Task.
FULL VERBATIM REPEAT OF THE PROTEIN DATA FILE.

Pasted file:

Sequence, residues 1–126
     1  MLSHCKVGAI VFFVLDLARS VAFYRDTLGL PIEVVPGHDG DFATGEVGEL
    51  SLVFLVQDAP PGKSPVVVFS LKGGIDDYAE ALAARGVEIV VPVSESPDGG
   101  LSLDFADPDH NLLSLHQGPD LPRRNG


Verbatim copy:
Sequence, residues 1–126
     1  MLSHCKVGAI VFFVLDLARS VAFYRDTLGL PIEVVPGHDG DFATGEVGEL
    51  SLVFLVQDAP PGKSPVVVFS LKGGIDDYAE ALAARGVEIV VPVSESPDGG
   101  LSLDFADPDH NLLSLHQGPD LPRRNG